CICS

(Customer Information Control System)
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Table of Contents
• • • • • • • • • • • Introduction to CICS Basic Mapping Support Program Control File Processing Error Handling Queues Interval and Task Control Recovery and Restart Program preparation CICS Supplied Transactions Case Study
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Introduction to CICS
• Customer Information Control System -CICS developed in late 1960s as a DB/DC control system • CICS provides an interface between the Operating System and application programs • Macro Level CICS - initial version Assembler macro to request CICS services • Command Level CICS - high level lang.version - commands to request CICS services - Single command can replace series of macros

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3. special recovery/restart proc. 5. 4.Batch & Online : Differences 1. ONLINE SYSTEM Data is entered as needed not in sequence (terminal) Since processing sequence is unpredictable. 5. is required in case of failure Programs and files can be shared Transaction can be run at any time O/p displayed on Terminal updated files Response Time: Could be in minutes or second. 2. 4. Programs and files can‟t be shared Programs are scheduled through jobs O/P printed on paper or in sequential of VSAM or Indexed files Response time: Could be scheduled to be Hours or days 1. BATCH SYSTEM Input data is prepared and given in sequence (file) Processing sequence is predictable and hence restarting the process in case of failure is easy. 6. 3. 2. Usually in seconds 4 . 6.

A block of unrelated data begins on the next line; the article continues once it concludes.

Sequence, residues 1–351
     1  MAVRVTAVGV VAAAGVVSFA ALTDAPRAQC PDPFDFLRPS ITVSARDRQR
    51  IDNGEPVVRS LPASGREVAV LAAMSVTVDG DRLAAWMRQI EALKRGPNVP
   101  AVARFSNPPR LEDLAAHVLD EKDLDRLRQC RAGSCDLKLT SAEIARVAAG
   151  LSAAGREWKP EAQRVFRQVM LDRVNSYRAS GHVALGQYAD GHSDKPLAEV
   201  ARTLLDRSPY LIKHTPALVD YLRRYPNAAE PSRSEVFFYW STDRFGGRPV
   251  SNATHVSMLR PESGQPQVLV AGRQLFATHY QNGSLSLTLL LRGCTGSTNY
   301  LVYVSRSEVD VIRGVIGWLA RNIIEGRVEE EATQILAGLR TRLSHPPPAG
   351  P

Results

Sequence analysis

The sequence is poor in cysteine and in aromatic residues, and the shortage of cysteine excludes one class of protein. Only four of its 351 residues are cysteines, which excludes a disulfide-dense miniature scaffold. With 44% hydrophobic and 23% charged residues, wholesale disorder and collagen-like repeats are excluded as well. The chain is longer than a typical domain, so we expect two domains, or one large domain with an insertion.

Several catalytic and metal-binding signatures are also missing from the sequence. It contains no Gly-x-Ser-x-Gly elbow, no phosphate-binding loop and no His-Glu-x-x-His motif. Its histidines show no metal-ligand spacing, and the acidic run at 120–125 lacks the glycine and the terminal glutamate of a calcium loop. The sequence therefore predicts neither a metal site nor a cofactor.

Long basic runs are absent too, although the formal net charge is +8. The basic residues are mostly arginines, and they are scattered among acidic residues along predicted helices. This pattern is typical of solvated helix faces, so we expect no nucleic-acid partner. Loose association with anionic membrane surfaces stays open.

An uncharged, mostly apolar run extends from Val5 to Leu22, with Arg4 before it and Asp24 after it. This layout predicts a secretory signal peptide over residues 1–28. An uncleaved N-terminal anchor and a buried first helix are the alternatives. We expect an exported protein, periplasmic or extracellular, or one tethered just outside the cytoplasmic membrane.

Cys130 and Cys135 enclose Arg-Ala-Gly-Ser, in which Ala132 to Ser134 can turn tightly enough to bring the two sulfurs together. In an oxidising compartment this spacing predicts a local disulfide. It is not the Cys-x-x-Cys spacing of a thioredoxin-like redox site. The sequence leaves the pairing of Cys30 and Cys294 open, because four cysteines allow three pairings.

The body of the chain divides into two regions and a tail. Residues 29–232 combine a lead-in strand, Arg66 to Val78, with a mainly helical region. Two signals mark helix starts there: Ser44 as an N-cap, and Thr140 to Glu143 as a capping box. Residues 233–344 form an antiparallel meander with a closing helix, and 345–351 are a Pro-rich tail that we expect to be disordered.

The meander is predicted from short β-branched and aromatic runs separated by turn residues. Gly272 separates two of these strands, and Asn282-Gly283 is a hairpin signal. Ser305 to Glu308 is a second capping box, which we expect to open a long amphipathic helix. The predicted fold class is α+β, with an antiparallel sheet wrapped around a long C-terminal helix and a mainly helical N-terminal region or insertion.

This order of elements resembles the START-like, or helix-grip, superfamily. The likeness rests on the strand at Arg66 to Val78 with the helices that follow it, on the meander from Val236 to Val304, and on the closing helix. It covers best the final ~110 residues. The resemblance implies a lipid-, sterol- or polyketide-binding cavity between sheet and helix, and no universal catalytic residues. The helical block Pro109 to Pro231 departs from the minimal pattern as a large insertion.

CICS & Operating System Operating System CICS Enter Code : User’s App. Files & Database 5 .

DB/DC System Terminals Data Base Central System CICS System Environment & API routines. and Application Programs 6 .

CICS System Services • Data-Communication Functions • Data-Handling Functions • Application Program Services • System Services • Monitoring Functions 7 .

A basic unit of work which is scheduled by the operating system or CICS Ex -Read from and write to the terminal • Transaction :. transaction is identified by the transaction identifier (Trans-id) 8 .An entity which initiates execution of a task. In CICS.Task & Transaction • Task :.